Heartfelt Advice: When a Client Makes You Feel Like Crap
Sex work is customer service to the max, and some days it sucks. Getting stiffed or stood up. Getting ogled or groped or ignored. Enduring shitty comments, cluelessness, mind games, bad breath, funky toenails. As sex professionals, no matter what, we’re expected to look good and smile, even while we’re dying inside.
Given that our work is centered in our sexual selves, it often feels easier to just ignore bad feelings and hope they go away. But few of us truly have the ability to shake off negative encounters like they never happened. Instead, hurt and insult fester, poisoning our self-esteem, rattling our minds while shutting our bodies down. Dr. Robert M. Sapolsky, a neurologist who studies the neurobiology of stress, wrote in his essay, “Why Zebras Don’t Get Ulcers,” social stressors suppress our immune systems, leading to indigestion, insomnia, addiction, eating disorders, eczema, migraines, and so much more. Left unaddressed, these accumulated grievances and ailments lead directly to burnout. So when that crap day comes, recognize it for what it can be: a gift in disguise, a prime opportunity to be good to yourself. So let’s get down to it.
First: Take care of your body. When we’re humiliated, that hurt has to move through our bodies somatically@. Very few of us learn this as children. Instead, we’re taught to rely on our intellect to process bad emotions. But our minds can’t move what’s stored in our muscles and joints and voice boxes and bones. So, as soon as you can:
- Get right in the shower. Wash the day away.
- Eat moderately and mindfully, but only if you’re hungry. Don’t starve yourself as punishment or stuff yourself in an attempt to dull the pain.
- Unless the gym is your happiest place on earth, don’t force yourself through your regular routine. That's like piling on extra homework when you’re already failing class. You’ll either spend that time zoning out, or counting the seconds until your workout is over—neither is good. The best self-care is to be fully present, addressing your feelings directly.
- Scream into a pillow, kick a punching bag, take a long walk or bike ride. Play loud music, dance like you don’t care, sing at the top of your lungs. Move hard and fast and long enough so that you’re breathing hard. Wear yourself out with it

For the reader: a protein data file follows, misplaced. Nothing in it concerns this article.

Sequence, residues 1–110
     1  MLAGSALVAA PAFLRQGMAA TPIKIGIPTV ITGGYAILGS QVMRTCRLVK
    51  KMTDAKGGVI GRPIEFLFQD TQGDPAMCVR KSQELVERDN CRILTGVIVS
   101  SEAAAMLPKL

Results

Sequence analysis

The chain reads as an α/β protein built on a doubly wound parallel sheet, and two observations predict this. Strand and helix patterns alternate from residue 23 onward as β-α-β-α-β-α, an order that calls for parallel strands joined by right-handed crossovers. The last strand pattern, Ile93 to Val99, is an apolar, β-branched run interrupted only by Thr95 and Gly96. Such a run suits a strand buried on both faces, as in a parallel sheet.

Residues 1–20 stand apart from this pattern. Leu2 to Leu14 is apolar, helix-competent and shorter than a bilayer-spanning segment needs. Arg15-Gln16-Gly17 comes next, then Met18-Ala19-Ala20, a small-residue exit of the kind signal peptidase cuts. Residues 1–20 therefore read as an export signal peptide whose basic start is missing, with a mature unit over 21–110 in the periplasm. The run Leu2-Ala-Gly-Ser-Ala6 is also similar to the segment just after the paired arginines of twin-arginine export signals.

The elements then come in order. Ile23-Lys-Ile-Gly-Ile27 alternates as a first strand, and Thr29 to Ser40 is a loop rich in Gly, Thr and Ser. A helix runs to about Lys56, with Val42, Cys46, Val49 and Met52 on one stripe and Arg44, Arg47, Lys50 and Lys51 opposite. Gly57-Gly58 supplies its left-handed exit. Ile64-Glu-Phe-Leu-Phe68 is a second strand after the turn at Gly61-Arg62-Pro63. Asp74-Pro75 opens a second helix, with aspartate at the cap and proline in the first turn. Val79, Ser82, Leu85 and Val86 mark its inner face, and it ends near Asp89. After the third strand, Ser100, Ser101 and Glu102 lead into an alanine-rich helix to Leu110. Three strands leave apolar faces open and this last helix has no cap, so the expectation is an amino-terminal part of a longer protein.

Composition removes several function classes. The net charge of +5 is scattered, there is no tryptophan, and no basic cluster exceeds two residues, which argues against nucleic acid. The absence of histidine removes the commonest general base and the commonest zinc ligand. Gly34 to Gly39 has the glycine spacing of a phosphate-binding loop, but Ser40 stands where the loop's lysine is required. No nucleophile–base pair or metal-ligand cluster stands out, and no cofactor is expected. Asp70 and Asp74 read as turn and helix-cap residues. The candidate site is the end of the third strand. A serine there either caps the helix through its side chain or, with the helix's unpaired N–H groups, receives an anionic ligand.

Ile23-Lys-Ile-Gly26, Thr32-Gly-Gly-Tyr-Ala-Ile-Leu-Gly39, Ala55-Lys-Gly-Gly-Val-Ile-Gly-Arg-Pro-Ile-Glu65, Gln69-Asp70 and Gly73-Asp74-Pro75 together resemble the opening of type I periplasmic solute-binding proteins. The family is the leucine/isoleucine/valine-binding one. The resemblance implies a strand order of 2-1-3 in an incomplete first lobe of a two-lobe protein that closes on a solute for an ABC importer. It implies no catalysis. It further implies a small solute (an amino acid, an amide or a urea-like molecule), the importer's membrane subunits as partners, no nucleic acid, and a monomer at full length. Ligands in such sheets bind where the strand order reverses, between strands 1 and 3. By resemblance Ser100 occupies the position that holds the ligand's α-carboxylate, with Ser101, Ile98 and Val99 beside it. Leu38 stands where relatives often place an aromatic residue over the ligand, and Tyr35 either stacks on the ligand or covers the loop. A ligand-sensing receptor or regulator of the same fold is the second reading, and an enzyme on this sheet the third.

- While moving, say what you’re feeling out loud: “Scared, scared, scared, scared.” “Ouch, ouch, ouch, ouch.” “Pissed, pissed, pissed, pissed.” This lets you fully feel your emotions in your body, throat, and mind, allowing that energy to move through you.
- Call a buddy, if you can—get yourself some sympathy, by all means. For some perspective, it can help to ask the question: Am I going to still be mad about this a year from now?
This next step isn’t easy, but it’s part of the work we all need to do to make this world the place we want to live in. You know that moment of true inspiration—we hear someone righteous speak, or we read about an act of breathtaking kindness? That feeling that swells up in our chest, that poignant blend of awe and tenderness and gratitude, when we think, Let there be peace on earth, and let it begin with me? Here’s your chance.
I know—it’s not fair. Why do we have to be the ones to turn the other cheek when we’re depleted and aggravated and insulted? But as the Buddha said, “You will not be punished for your anger, but by your anger.” When we fight fire with fire, the whole world turns to ash. Instead, we fight fire with water.
That client who stood you up? Maybe they were in the middle of a shit day far worse than anything you can imagine. Maybe they just lost their job or their grandmother or their dog—send them a blast of unconditional love. That handsy fan with no manners? See them for what they are, someone lost in their neediness, stunted by desire for what feels just out of reach. That stupid, mouthy sub? Muster what compassion you can manage—people with happy lives don’t act like fucktards. Picture your tormentor’s face in front of you, and breathe into a simple prayer of forgiveness and acceptance.
This doesn’t mean you have to be friends—take whatever steps you need to protect yourself in the future. But you are so much bigger and better than how they made you feel today.
While you’re doing this, remember exactly who the hell you are—a gorgeous creature of delight, the breath of life. You bring sexual healing and inspiration and excitement into this world. Truly, it’s too bad some people can’t appreciate all your hard work and accept what you offer graciously. But you know who you are. Nobody can take that from you.
That’s enough for one day—time for video games. Tomorrow will be a better day.
~~~Our job in life is to heal ourselves. As we do, we heal the world. We achieve this by first tending to our own needs, then turning our intention to others. It’s never easy to extend unconditional compassion to those who have harmed us, but as Socrates said:
“Those who are the hardest to love need it the most.”~~~